On the Thursday of the Comic-Con, I spent the time between the portfolio review and the Lovecraft documentary watching anime. I came into the anime theatre halfway through a show I didn't recognise. When it ended, at least thirty people suddenly started filing into the room, and I heard a couple people yell, "Lucky Star!"
I'd never heard of this series, but apparently it's massively popular. The theme song featured the main characters--three or four girls--performing complicating dance arm and leg routines--I think the suitable word would be "algorithms"--and three girls in the audience stood up and began replicating the movements while the boyfriend of one of them took pictures, to the delight of much of the rest of the audience.
The show itself appeared to consist of four six year-old girls having conversations about manners and pop culture, but as Tim informed me later, what appeared to be six year-olds are in fact meant to be teenagers. I found the show to be aggressively dull, and it was a genuine challenge to maintain awareness of the dialogue.
Nearly everyone left the room when Urusei Yatsura started, mainly, I suspect, because Urusei Yatsura's female characters have strange and frightening appendages called "breasts". Or maybe it's because the series was made in the 1980s. Damn kids.
It was an episode I hadn't seen before, and it was nice to see something genuinely funny after Lucky Star. The episode featured Lum's former classmates, Sugar, Ginger, and Pepper, attempting to seduce Ataru, in preparation for which they undergo intense combat training. Urusei Yatsura always used to be a reliable crowd pleaser at Comic-Con. I suppose it says something about changes in the Con and in the general anime community that hardly anyone is around to appreciate it anymore. Jeez, I can remember watching episodes of Tenchi Muyo! on a massive screen in 6A . . . Ah, the Comic-Con of yesteryear.
Anyway, after Urusei Yatsura was an episode of The Melancholy of Haruhi Suzumiya, the first broadcast episode, episode 11 in chronological continuity, or let's just say it was "The Adventures of Mikuru Asahina" (epsiode order confusion may be alleviated here). Although all the anime at Comic-Con is normally shown in Japanese with English subtitles, the guy operating the DVD was fooled by the episode theme, which hadn't been dubbed, into thinking the audio didn't need to be switched, so we watched the episode in English dub version. It was still enjoyable (particularly when a girl in the audience "wooooed!" when Mikaru started taking her clothes off), but the English voice actors were every bit as terrible and ineffectual as I'd expected.
After this was an episode of School Rumble, which is a series I like, but the episode must have been completely unintelligible to anyone unfamiliar with the series.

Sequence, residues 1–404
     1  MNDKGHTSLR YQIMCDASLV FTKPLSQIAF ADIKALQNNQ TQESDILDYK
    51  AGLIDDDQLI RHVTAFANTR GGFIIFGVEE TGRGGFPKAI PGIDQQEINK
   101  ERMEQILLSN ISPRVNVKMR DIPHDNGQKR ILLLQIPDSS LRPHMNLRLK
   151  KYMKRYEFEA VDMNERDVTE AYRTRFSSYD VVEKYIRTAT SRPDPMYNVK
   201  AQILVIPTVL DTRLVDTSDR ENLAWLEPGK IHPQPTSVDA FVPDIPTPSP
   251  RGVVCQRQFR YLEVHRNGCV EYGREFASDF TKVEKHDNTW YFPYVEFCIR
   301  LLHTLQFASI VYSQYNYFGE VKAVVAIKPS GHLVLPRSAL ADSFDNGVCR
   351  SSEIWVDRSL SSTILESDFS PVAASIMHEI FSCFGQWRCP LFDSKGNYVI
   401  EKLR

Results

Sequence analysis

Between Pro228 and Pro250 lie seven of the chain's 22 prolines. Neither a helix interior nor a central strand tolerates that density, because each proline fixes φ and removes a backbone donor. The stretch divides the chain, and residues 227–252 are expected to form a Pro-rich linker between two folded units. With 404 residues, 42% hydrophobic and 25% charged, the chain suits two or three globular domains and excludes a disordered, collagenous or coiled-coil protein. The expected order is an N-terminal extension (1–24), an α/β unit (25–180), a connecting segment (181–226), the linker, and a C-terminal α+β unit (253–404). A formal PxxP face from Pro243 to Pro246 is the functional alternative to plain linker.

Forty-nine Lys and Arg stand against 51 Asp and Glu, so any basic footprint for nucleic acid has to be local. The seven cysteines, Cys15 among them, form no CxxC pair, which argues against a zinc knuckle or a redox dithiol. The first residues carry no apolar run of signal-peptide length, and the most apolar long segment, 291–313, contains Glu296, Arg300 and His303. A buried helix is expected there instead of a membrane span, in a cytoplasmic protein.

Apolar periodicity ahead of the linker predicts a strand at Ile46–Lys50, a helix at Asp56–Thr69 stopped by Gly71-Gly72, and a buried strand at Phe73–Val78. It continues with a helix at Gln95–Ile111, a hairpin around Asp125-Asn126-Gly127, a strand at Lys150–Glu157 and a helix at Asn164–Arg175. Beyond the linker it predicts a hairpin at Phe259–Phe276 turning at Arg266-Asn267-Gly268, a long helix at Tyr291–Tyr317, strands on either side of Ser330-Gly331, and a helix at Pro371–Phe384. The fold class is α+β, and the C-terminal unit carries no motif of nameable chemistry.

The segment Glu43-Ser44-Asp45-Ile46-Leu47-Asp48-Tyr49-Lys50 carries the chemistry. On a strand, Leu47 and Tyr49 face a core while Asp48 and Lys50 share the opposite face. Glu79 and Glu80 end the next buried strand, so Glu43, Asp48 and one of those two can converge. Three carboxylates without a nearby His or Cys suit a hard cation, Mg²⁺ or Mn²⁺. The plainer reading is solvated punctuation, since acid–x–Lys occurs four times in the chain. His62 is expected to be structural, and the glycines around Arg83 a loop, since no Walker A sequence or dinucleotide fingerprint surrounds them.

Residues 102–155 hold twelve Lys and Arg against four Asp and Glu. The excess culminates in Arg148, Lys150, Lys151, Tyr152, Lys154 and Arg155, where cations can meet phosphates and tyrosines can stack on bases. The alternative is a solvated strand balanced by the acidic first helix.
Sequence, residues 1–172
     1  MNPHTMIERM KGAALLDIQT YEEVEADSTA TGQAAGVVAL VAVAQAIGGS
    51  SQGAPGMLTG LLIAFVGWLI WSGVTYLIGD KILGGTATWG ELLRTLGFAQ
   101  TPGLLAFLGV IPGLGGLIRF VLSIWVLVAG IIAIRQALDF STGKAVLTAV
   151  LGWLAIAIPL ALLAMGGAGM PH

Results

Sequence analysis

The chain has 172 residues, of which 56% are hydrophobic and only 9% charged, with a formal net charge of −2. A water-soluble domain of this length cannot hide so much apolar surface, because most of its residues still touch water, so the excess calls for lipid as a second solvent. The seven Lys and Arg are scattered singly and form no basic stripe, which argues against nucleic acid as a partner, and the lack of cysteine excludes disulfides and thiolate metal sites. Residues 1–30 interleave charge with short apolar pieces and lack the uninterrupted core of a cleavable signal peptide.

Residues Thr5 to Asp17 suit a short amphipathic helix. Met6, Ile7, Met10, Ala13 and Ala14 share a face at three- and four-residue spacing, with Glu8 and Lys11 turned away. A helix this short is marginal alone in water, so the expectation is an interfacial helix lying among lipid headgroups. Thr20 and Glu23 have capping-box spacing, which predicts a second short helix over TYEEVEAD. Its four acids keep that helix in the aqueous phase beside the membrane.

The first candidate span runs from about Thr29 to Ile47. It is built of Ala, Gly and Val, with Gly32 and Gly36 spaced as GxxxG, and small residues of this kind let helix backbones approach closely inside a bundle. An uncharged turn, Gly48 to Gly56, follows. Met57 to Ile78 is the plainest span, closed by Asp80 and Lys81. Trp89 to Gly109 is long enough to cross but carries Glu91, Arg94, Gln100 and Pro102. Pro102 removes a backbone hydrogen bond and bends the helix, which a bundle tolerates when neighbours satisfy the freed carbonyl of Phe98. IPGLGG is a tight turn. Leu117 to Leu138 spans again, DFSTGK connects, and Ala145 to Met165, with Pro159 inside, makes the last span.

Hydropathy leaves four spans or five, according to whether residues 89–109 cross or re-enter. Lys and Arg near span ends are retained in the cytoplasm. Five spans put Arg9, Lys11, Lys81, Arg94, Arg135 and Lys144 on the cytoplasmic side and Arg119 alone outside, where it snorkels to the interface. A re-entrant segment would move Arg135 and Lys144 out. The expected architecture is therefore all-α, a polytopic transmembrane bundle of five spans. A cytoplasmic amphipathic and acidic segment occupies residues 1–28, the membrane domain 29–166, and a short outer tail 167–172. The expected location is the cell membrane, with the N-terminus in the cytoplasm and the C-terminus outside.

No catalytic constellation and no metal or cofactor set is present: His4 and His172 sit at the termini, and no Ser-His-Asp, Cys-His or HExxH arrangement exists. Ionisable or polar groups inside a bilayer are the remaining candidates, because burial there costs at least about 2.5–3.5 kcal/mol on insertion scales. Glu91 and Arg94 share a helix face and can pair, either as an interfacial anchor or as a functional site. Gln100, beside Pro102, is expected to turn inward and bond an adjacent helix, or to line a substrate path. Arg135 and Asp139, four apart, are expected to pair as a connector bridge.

And then there was another episode of The Melancholy of Haruki Suzumiya, thankfully in Japanese this time, and I have to say watching this episode in the theatre was one of the high points of the Con experience for me, and oddly a reflection of it.
The episode was one of my favourites, "Live Alive", which is the only episode that fits in the same place in both broadcast and continuity order--12. The episode follows Kyon, the series' male lead, wandering about his school during its cultural festival, an event in Japanese schools where classrooms are converted into cafes or theatres for stage plays and the students wear costumes and make food for parents and other people visiting the school. The atmosphere of the festival onscreen was in fact uncannily similar to the atmosphere of the Comic-Con, especially as Haruhi Suzumiya doesn't feature the hyperactive pacing of average modern anime series'.
When Kyon went into the auditorium where school bands were performing just to rest and get out of the rain, it was a reflection of the people who'd come into the anime theatre just to rest and get away from the crowds, something I've done several times before at Comic-Con. The episode's story then features Haruhi Suzimiya taking the stage as lead singer of a rock band much to Kyon's surprise. She performs well, the crowd loves her, and afterwards she receives effusive thanks from the other band members for substituting for their normal lead singer.
The episode ends with a quiet scene of Kyon and Haruhi relaxing in the shade of a tree, and Haruhi seems to feel happy and upset at the same time. She doesn't know why she feels as she does, and Kyon thinks, "You're not used to being appreciated by other people. You're always doing things that wouldn't warrant a thank you." Haruhi pours her energy into her S.O.S. Brigade club and a variety of projects, but nothing that elicits anything more than bemusement or curiosity from other people.
Seeing it shortly after the portfolio review, which had caused me to think about the value of my web comics, this bit really hit me. I know very well what Haruhi was feeling--I put all kinds of energy into my comics, and the feeling I get when once in a while someone expresses appreciation for them that I can tell for certain isn't out of mere politeness or friendliness is sort of stunning, good, and rare. I mean, I spend so much time alone creating this stuff, such a vast multitude of details for which I don't receive a reciprocating energy from an audience, that when I catch small glimpses of people actually receiving something personal from my comic--not making them like me, or feel for me, but something completely personal to them. That is a very rare and wonderful feeling and it's a big part of why I do what I do.